Abstract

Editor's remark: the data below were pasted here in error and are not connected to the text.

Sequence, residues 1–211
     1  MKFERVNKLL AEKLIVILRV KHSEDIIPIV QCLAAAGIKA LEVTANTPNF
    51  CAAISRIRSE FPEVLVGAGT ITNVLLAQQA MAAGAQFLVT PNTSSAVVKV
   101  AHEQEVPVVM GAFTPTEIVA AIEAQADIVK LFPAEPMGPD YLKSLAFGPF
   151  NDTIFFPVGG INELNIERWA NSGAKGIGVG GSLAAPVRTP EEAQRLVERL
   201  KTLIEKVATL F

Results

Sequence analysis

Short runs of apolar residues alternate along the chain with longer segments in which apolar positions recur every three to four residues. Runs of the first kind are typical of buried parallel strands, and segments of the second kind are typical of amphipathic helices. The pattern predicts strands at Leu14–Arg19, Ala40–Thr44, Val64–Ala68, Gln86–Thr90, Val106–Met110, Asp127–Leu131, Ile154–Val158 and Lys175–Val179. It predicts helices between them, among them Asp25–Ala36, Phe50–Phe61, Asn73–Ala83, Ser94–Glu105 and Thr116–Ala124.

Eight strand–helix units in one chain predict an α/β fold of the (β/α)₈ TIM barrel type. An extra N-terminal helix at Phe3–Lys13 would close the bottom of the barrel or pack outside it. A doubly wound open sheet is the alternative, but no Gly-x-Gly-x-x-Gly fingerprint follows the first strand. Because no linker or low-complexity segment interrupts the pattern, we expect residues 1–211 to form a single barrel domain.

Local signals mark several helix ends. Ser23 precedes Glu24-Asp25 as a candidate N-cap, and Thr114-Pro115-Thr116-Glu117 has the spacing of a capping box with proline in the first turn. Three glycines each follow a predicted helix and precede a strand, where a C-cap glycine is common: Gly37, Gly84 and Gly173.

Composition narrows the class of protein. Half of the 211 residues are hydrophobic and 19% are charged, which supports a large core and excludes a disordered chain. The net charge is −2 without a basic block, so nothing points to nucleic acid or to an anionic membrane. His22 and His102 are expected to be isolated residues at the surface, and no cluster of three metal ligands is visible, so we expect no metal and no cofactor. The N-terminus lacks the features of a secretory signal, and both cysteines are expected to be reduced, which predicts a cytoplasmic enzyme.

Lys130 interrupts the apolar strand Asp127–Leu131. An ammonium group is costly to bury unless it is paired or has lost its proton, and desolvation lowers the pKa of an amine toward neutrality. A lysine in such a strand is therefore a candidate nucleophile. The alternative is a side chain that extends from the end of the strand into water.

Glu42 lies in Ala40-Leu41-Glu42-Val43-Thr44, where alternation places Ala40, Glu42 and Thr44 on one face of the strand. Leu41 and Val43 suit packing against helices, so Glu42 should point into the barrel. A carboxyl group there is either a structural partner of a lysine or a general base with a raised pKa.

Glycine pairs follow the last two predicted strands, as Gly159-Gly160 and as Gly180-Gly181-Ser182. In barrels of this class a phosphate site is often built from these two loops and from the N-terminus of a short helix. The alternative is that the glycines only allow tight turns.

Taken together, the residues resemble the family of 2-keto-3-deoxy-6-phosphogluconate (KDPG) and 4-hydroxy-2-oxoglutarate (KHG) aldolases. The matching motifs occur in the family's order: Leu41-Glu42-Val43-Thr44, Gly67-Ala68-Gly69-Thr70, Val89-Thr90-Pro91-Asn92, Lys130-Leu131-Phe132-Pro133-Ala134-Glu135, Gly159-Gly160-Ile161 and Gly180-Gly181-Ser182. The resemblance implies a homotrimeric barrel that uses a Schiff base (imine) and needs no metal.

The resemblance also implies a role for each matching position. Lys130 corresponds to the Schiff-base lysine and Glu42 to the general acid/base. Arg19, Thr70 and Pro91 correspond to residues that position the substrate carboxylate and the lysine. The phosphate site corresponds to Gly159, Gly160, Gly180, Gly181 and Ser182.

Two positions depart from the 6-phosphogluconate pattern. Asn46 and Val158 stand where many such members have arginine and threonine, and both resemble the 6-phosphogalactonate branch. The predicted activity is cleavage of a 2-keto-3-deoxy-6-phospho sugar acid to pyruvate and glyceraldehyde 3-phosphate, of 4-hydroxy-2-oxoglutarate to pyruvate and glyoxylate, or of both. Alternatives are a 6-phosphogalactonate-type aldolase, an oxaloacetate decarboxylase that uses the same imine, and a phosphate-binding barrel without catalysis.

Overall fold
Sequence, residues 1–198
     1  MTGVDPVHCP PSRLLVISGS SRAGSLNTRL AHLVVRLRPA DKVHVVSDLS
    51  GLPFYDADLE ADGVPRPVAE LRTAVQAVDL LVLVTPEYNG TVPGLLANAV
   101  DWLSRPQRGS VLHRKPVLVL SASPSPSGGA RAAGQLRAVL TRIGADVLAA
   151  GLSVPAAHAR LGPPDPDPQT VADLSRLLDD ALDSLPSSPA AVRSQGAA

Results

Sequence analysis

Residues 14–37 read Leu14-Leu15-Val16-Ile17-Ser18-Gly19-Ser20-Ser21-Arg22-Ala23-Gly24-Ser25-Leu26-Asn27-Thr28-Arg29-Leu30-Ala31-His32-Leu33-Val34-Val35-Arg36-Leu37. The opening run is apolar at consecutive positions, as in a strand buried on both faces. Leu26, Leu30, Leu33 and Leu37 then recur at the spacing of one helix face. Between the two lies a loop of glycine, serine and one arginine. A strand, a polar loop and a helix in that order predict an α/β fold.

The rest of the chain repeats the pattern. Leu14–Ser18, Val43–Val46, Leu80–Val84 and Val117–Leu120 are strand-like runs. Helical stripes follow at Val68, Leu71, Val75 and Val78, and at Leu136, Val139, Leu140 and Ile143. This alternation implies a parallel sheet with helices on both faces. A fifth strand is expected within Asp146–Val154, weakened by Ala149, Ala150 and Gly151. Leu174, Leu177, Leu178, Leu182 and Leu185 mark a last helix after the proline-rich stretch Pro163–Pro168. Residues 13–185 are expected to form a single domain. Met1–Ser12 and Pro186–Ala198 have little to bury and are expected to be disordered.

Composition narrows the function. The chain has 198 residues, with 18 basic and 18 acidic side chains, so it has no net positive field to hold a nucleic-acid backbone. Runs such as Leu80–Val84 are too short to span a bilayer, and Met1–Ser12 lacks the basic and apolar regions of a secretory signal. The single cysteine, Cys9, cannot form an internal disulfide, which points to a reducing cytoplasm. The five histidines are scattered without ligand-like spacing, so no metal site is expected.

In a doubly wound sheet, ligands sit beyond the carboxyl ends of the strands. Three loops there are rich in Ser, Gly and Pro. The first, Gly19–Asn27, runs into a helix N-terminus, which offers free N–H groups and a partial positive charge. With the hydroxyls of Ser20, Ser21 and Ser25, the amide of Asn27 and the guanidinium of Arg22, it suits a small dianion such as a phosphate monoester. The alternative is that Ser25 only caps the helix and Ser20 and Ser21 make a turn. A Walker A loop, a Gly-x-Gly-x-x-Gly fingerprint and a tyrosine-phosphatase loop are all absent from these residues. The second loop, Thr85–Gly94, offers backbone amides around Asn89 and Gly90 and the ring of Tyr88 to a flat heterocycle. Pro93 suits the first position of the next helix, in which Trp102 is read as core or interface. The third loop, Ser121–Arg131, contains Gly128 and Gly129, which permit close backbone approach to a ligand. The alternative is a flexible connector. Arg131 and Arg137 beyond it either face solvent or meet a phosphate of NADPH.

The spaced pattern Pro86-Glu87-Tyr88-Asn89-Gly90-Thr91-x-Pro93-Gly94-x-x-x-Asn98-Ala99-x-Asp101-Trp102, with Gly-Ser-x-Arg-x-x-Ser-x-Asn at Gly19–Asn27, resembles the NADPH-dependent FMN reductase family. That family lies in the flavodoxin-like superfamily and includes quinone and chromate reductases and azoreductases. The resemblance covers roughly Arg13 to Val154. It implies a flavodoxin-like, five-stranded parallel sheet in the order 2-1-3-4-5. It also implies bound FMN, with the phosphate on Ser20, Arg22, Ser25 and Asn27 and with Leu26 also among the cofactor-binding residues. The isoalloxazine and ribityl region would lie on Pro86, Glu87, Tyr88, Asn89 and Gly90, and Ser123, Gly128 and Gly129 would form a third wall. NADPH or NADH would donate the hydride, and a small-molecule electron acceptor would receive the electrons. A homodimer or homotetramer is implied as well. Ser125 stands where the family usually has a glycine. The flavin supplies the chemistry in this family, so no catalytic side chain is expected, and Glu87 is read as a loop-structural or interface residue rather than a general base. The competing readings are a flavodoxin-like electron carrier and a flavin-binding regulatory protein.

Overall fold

Garnet peridotites from the Kokchetav ultrahigh-pressure (UHP) massif contain abundant volatile and high field strength element (HFSE) bearing minerals, such as Ti-clinohumite and zircon. These characteristics are interpreted to be related to fluid-infiltrated mantle metasomatism from the oceanic lithosphere that had been subducted below the area. The zircons from the peridotites were dated by using sensitive high-resolution ion microprobe (SHRIMP) and yielded apparent U-Pb ages of 554–494 Ma (weighted mean age, 528 Ma) that are mostly consistent with the timing of UHP metamorphism deduced from diamond-bearing country rocks in this massif. These zircons have an almost flat rare earth element (REE) pattern and very low REE concentrations; these characteristics are similar to those observed in kimberlitic zircons. Inherited zircon cores, although only rarely preserved, yielded apparently Proterozoic ages and have different trace element characteristics compared to the overgrowth rims. These features indicate that the mantle metasomatic events and the recrystallization of Ti-clinohumite and zircon were due to HFSE-enriched fluid infiltration during the UHP metamorphism at great depths. The metasomatized mantle may have been transported farther into the deep upper mantle and contributed to the source of intraplate magmas such as kimberlites and alkali basalts, because these rocks have characteristically high volatile and HFSE concentrations such as those of the Ti-clinohumite–bearing garnet peridotites.

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